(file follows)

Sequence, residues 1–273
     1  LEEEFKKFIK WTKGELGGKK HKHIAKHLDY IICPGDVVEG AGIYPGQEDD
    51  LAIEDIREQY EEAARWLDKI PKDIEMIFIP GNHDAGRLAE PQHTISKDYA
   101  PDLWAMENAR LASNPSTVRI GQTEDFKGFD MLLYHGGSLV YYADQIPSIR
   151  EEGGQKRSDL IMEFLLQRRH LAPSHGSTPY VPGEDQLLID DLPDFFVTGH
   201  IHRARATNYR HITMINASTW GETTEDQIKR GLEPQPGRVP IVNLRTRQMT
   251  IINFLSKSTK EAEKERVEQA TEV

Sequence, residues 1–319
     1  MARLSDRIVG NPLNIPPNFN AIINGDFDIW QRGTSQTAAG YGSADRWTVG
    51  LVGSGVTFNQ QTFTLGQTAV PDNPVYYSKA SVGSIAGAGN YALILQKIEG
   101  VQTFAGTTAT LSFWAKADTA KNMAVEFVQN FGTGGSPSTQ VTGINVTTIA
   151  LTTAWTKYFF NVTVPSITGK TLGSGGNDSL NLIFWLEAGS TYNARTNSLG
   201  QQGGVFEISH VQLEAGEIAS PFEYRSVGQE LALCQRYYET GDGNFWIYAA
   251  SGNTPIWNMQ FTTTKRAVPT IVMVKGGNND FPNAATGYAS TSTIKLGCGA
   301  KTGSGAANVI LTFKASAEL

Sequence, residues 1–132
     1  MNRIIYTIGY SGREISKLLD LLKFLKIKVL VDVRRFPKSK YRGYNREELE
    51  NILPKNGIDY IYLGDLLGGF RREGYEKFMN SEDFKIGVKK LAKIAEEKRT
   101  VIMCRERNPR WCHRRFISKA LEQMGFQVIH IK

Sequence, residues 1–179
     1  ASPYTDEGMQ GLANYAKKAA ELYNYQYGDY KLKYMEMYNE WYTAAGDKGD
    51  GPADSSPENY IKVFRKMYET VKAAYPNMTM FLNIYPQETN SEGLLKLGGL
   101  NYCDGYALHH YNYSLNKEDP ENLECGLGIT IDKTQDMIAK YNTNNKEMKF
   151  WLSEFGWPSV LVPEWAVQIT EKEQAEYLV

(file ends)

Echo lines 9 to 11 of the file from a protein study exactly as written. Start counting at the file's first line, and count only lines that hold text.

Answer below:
     1  MARLSDRIVG NPLNIPPNFN AIINGDFDIW QRGTSQTAAG YGSADRWTVG
    51  LVGSGVTFNQ QTFTLGQTAV PDNPVYYSKA SVGSIAGAGN YALILQKIEG
   101  VQTFAGTTAT LSFWAKADTA KNMAVEFVQN FGTGGSPSTQ VTGINVTTIA